Choosing a Good Business – It’s Not Just the Numbers

MMJ Blogger | 18 months ago
Choosing a Good Business – It’s Not Just the Numbers

When investigating a business to buy, purchasers often only ask about the figures. Their questions are all about what does it make?

The reality is that the value of a business is not simply found in the financial statements. In fact there is information that can’t be found in any financials that are more important in determining the value of a business and what opportunity it provides to a buyer.

In truly assessing the proposition of a business purchase it is imperative you understand the numbers but also how they can be impacted by the following:

People

Often business owners neglect the importance of developing a strong team and the value this team offers to a new business owner. A good strong and reliable team allow a new owner to work on the business and not in it, so that they may implement new growth initiatives.

The Industry

What is happening in the industry? Is it in a growth or decline phase? Are their areas of the industry experiencing growth and what changes need to be made to capitalise on these changes?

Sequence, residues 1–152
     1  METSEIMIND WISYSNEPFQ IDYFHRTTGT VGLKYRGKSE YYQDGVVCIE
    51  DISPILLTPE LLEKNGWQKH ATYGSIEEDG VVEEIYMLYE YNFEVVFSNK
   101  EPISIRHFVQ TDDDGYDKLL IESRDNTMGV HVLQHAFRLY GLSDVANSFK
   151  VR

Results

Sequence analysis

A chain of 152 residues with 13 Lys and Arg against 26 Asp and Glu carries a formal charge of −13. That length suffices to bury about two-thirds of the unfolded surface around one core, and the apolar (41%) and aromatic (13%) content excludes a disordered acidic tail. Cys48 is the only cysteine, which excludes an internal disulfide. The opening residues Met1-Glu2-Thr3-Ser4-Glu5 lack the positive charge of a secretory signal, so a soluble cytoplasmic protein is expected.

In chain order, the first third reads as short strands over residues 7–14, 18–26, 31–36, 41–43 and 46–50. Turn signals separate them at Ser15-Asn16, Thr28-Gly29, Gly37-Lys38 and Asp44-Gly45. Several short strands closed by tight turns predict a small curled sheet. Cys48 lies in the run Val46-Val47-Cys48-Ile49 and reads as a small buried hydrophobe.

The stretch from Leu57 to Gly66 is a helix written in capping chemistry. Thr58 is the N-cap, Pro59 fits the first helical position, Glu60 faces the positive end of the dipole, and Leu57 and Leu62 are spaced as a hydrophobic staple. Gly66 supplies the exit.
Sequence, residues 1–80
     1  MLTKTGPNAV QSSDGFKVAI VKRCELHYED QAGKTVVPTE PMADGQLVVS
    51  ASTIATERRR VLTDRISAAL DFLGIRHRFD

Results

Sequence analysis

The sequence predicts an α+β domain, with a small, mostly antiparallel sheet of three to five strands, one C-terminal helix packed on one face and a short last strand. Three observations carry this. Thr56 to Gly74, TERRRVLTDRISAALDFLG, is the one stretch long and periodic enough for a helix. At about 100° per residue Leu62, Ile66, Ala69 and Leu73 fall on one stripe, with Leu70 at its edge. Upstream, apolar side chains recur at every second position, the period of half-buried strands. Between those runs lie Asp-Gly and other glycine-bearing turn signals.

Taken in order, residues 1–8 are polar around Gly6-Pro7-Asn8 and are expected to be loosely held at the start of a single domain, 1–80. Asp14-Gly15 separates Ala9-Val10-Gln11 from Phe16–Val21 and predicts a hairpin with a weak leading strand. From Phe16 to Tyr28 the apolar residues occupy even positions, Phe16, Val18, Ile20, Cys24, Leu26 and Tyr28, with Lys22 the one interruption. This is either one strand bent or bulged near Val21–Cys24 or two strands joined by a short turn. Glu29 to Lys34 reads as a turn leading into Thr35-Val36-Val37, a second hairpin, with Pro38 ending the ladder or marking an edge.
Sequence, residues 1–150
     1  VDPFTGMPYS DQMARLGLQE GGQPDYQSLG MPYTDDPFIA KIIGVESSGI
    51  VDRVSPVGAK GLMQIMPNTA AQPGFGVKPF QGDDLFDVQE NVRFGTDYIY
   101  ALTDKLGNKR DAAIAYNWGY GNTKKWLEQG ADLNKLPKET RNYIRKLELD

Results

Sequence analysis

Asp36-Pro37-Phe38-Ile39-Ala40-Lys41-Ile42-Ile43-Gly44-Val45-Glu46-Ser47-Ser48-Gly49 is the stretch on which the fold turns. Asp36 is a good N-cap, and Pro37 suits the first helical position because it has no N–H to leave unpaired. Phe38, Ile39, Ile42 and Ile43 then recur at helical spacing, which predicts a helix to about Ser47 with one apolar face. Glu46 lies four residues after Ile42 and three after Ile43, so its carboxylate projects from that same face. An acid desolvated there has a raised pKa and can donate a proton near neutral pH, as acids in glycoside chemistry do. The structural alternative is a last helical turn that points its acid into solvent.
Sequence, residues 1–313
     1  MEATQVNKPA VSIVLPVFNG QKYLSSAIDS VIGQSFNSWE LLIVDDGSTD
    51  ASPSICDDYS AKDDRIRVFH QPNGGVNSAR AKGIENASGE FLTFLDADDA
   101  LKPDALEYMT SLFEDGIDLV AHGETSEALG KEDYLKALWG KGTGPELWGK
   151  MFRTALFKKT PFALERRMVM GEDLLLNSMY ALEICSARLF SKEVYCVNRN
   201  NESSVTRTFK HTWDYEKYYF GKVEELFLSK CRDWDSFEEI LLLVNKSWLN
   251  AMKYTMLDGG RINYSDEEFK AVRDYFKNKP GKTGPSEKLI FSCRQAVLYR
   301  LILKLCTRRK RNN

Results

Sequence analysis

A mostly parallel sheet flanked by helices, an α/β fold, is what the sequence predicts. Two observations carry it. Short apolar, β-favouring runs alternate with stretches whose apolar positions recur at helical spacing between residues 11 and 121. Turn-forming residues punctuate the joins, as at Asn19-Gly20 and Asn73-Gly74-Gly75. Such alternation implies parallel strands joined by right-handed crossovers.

Plant, Equipment, Assets and Work in Progress 

The value of the assets are crucial for any business. These assets, equipment and the amount of work in progress have a large impact on risk minimisation, cash-flow and future profitability.

Intangible Item

The customer databases, systems, operations manuals, processes and other intellectual property can be a very valuable element of any business.  

Contractual Agreement

The contracts such leases, franchise and licensing agreements, customer agreements, staffing contracts and other arrangements are often pivotal in defining the value of a business. Buyers often desire good strong, reliable contracts that allow them to buy with certainty, the simplest example of this is a good well negotiated and long standing lease. 

The Terms of The Sale

There are often terms of a sale that provide an important value trigger for a buyer. For example, will the vendor consider vendor financing part of the sale. Other important elements include the training or transition period of assistance provided by the business seller. This transition can be vital for a new buyer to establish and maintain existing relationships and ensure a smooth transition.